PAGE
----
In this paper, Alan Romberg agrees that there are problems in the U.S.-PRC relationship. He disagrees, however, with suggestions that the United States and the PRC should negotiate a “fourth communiqué” to update the 1972, 1978, and 1982 joint communiqués that set the terms of Sino-American relations. He argues that a fourth communiqué is impractical for both countries and unnecessary.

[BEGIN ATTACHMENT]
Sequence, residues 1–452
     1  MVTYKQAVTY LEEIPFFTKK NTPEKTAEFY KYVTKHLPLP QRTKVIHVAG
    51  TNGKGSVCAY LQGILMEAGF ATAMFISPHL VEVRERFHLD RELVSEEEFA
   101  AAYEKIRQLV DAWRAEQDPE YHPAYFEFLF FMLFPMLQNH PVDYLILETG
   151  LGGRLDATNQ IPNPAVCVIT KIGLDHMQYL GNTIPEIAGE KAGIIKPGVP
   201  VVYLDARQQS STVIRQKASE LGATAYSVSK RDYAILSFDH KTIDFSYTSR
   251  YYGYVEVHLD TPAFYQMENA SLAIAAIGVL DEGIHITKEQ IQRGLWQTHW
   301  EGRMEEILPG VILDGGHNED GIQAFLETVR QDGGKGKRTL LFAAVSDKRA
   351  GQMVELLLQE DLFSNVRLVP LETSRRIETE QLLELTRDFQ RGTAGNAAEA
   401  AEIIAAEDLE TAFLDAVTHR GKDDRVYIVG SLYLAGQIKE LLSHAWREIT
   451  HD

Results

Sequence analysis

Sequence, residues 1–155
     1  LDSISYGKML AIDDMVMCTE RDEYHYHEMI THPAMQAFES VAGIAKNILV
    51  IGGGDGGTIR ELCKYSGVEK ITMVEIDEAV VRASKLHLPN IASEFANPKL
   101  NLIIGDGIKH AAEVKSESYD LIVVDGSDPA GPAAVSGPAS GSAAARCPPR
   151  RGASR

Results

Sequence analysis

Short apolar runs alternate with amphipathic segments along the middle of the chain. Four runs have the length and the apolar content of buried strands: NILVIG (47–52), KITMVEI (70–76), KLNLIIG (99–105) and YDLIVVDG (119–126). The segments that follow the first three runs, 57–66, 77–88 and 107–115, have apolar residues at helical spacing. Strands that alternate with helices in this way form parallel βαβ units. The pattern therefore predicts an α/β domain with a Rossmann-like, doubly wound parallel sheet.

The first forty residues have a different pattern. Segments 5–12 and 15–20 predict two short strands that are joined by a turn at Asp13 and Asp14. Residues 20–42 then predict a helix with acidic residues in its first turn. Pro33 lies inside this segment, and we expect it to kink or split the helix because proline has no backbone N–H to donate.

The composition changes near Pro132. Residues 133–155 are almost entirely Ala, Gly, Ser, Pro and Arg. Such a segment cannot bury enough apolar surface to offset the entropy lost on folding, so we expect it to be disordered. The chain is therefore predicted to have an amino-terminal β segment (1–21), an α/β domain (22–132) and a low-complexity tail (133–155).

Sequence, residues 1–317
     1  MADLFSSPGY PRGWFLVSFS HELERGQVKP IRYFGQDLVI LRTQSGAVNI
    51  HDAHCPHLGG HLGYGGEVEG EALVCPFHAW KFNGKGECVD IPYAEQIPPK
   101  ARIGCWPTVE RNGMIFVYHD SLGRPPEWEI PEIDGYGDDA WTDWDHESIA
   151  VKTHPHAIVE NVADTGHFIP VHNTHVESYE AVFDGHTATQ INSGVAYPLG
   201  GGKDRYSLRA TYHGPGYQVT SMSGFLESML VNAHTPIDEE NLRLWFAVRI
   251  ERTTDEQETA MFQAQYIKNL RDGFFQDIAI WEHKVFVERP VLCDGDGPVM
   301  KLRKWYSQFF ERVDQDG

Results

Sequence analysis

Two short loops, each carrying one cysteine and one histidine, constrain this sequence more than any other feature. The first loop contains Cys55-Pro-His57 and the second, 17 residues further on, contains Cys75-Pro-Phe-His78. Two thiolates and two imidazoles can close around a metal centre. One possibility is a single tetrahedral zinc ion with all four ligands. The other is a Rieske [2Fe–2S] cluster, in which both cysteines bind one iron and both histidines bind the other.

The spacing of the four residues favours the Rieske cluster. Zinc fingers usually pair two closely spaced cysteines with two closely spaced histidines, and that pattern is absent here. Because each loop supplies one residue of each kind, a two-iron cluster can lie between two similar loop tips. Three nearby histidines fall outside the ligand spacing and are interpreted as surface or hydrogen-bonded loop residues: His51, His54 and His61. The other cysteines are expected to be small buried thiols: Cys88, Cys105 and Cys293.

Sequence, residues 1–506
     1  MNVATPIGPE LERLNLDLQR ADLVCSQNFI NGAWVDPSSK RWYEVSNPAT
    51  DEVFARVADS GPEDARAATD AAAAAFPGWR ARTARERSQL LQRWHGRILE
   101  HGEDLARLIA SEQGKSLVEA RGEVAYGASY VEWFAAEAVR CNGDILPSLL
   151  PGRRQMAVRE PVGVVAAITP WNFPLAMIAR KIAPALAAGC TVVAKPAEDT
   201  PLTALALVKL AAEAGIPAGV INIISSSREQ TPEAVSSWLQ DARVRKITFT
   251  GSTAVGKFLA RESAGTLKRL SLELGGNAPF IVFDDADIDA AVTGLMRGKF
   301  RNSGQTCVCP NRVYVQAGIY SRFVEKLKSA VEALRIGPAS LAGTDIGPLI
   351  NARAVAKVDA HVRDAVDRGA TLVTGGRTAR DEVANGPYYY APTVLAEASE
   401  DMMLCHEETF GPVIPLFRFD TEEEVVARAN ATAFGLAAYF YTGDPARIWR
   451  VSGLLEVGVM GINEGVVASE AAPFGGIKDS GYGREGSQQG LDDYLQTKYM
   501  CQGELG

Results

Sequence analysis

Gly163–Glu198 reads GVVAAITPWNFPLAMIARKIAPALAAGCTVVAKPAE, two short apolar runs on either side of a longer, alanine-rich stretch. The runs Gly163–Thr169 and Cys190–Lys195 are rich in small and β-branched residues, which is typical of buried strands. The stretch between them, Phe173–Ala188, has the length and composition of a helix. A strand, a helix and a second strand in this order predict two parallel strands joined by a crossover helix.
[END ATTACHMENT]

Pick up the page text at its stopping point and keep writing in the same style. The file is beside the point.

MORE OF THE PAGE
This paper argues that were the United States and China to spell out their positions in a new communiqué, it would only underscore the differences between the two countries on some of the most fundamental questions rather than bringing out a substantial coincidence of views. For example, with regard to the core issue of Taiwan, the US “one China” policy has major differences from the PRC’s “one China” principle. Clearly it would help give positive impetus to Sino-American relations if the United States acknowledged not only China’s importance but its right to pursue legitimate national interests, including, for example, a strategic national deterrent. But that is not something this administration, and perhaps any American administration, will or can do. What we can do, and need to do, Romberg argues, is expand cooperation in the areas of terrorism, narcotics, AIDS, and the environment, as well as in strategically sensitive areas such as Korea and South Asia. But the U.S. and China do not need a new communiqué to do that. Rather, they should do it because it is in their national interest to do so.